Wrinkle-Lipped Free-Tailed Bat (Tadarida plicata)


HB: 65-75; T:30-40; FA: 40-40; E: 21-24; HF:8-9; W: 17=31G.

The upper lip is markedly wrinkled. The pelage is sort and dense, with the upperparts dark brown, slightly darker towards the tail; the area over the shoulders is more thinly haired. The underparts are slightly lighter, with some of the hairs on the belly having grey or whitish frosting. The face is covered with stiff, short, black bristles; the nostrils protrude, making a "button nose". The ears are thick, round and broad, joined on the front of the muzzle; the tragus id quite small, separated posteriorly from the larger antitragus by a deep notch. The body is heavy, supported by rather narrow wings. The tail is free for over half the lenght. The first and fifth toes are thickened, with numerous tactile hairs protruding from the sides. The braincase is slightly inflated, with low sagittal supraorbital crests.

These bats which roost in Rakang cave  consume 30-40 million insects per night.

Range Description:

This very widely distributed species is found throughout much of South Asia, southern and Central China, most of mainland Southeast Asia, and much of insular Southeast Asia. In South Asia, this species is very widely distributed and is presently known from India (Andhra Pradesh, Goa, Karnataka, Madhya Pradesh, Maharashtra, Meghalaya, Punjab, Rajasthan, Tamil Nadu, Uttar Pradesh and West Bengal) and Sri Lanka (Central and Western Provinces) (Molur et al. 2002). It has been recorded from sea level to an elevation of 950 m asl. The species is likely to be found in Bangladesh (Srinivasulu and Srinivasulu 2005). In China it has been recorded from Gansu, Yunnan, Hainan, Guangxi, Guangdong, Hong Kong, and Guizhou (Smith and Xie 2008). It is present in Myanmar, Thailand, western Cambodia and Peninsular Malaysia in mainland Southeast Asia. Within insular Southeast Asia it is wide ranging, and is found on the islands of Sumatra, Java, Bali and Lombok (all to Indonesia), Borneo (Brunei, Indonesia and Malaysia), and the Philippines. In the Philippines there are records from Leyte, Luzon (Cagayan, Isabela, Pampanga, and Rizal provinces), Mindanao (Cotabato) (Taylor 1934), Cebu and Negros (Heaney et al. 1998).
Countries: Native:
Cambodia; China; Hong Kong; India; Lao People's Democratic Republic; Thailand; Malaysia; Philippines; Sri Lanka; Vietnam


 This is a widespread but localized species which occurs in large colonies usually in caves. In South Asia, this species is widespread in its range in India, but is found in few locations. The Sri Lankan population is stable (W. Yapa pers. comm.) (Molur et al. 2002). In China, colonies ranging from a few hundred to more than 200,000 have been reported (Smith and Xie 2008). In Peninsula Malaysia the species is common and widespread although there are very few recent records. The total population in Thailand is around eight million, with a single population of over two million individuals (S. Bumrungsri pers. comm. 2006); it is a very abundant species in Myanmar (P. Bates pers. comm. 2006).
Population Trend: Unknown

This species can form large colonies of thousands of bats that typically roost in caves, but can also be found in crevices in rocks, old disused buildings and temples. Populations generally forage close to roost sites, and have been recorded hunting in forested areas and over rice fields. It is a high and fast flyer that feeds on insects and other invertebrates.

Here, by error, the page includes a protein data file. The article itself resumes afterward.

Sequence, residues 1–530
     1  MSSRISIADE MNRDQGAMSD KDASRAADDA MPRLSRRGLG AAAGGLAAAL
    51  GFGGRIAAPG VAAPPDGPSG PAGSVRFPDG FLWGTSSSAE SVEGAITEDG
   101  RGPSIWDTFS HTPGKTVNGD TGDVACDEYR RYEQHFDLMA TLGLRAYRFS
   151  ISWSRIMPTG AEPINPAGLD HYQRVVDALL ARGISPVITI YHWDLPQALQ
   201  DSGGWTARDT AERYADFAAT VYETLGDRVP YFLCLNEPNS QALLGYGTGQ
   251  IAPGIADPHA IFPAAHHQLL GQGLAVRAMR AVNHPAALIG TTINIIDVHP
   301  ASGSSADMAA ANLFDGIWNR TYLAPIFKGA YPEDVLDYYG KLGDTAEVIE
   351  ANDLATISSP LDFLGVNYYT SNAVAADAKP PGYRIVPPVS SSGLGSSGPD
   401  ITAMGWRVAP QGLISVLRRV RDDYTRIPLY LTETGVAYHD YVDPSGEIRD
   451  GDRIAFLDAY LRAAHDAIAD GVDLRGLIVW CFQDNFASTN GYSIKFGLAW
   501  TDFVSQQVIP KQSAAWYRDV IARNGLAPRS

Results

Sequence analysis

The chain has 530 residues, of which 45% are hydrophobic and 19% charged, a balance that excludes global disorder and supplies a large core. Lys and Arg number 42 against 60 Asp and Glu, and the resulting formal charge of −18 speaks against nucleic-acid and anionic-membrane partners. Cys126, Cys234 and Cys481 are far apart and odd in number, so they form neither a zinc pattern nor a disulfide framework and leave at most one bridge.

Systems: Terrestrial

 Major Threat(s):

 In South Asia, the habitat of this species is being deforested for timber, firewood and conversion to agricultural use. It is also threatened due to extraction and mining activities (Molur et al. 2002). In mainland Southeast Asia, a colony of 300,000 bats was destroyed in northern Myanmar as a result of limestone extraction for cement manufacture (P. Bates pers. comm.), and a colony of hundreds of thousands of bats was eradicated as pests in Phnom Pehn, Cambodia (P. Bates pers. comm. 2006). In the Philippines, this was formerly among the most abundant bats in some large caves. However, virtually all of the known large colonies have now been extirpated, including the loss of a very large colony from Leyte in 1984 (L. Heaney pers. comm. 2006). The remaining population is probably declining due to forest loss, disturbance in caves (guano mining, hunting), and tourism (Heaney et al., 1998). The only recent reports since 1980 are from northern Luzon (Danielsen et al. 1994; Heaney et al. 1998), and two recent records from Cebu (L. Heaney pers. comm. 2006). It parts of its range, such as Lao PDR and Borneo, over harvesting of this species for food is leading to significant population declines.

 Conservation Actions:

In South Asia, there are no direct conservation measures in place for this species and it has not been recorded from any protected areas in South Asia. Protection of key roost sites, surveys and habitat management are urgently recommended along with public awareness (Molur et al. 2002). In Southeast Asia, while many large colonies are protected in countries such as Myanmar and Thailand by villagers and monks (P. Bates and S. Bumrungsri pers. comm. 2006), and the species has been recorded from a number of protected areas, there is a need to protect key roosting sites and to undertake population surveys in areas of previous decline (eg. Philippines).